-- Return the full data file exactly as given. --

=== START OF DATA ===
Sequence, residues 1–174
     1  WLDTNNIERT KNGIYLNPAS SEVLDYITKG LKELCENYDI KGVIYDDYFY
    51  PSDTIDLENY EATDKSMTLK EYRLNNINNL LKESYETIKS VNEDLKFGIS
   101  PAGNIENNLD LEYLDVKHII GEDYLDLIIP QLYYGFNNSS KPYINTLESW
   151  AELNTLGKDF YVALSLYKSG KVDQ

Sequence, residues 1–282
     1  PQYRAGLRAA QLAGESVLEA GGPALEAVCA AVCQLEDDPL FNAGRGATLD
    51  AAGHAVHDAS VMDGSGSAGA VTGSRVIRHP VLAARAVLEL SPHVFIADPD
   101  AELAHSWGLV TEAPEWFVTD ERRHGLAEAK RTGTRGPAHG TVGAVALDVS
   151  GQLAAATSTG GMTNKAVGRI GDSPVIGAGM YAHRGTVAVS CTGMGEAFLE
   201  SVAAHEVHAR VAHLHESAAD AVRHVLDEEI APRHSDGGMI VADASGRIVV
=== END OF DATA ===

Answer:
Sequence, residues 1–174
     1  WLDTNNIERT KNGIYLNPAS SEVLDYITKG LKELCENYDI KGVIYDDYFY
    51  PSDTIDLENY EATDKSMTLK EYRLNNINNL LKESYETIKS VNEDLKFGIS
   101  PAGNIENNLD LEYLDVKHII GEDYLDLIIP QLYYGFNNSS KPYINTLESW
   151  AELNTLGKDF YVALSLYKSG KVDQ

Sequence, residues 1–282
     1  PQYRAGLRAA QLAGESVLEA GGPALEAVCA AVCQLEDDPL FNAGRGATLD
    51  AAGHAVHDAS VMDGSGSAGA VTGSRVIRHP VLAARAVLEL SPHVFIADPD
   101  AELAHSWGLV TEAPEWFVTD ERRHGLAEAK RTGTRGPAHG TVGAVALDVS
   151  GQLAAATSTG GMTNKAVGRI GDSPVIGAGM YAHRGTVAVS CTGMGEAFLE
   201  SVAAHEVHAR VAHLHESAAD AVRHVLDEEI APRHSDGGMI VADASGRIVV